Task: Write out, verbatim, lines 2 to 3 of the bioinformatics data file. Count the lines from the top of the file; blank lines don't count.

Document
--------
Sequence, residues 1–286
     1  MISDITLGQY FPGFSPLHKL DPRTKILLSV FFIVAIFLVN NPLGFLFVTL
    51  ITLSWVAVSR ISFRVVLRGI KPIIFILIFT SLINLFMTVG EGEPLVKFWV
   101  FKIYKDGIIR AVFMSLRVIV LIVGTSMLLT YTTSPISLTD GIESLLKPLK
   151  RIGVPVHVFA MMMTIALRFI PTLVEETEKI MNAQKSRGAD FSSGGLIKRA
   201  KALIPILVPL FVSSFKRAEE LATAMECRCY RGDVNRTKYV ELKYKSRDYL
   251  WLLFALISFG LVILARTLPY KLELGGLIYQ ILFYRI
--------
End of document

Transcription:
     1  MISDITLGQY FPGFSPLHKL DPRTKILLSV FFIVAIFLVN NPLGFLFVTL
    51  ITLSWVAVSR ISFRVVLRGI KPIIFILIFT SLINLFMTVG EGEPLVKFWV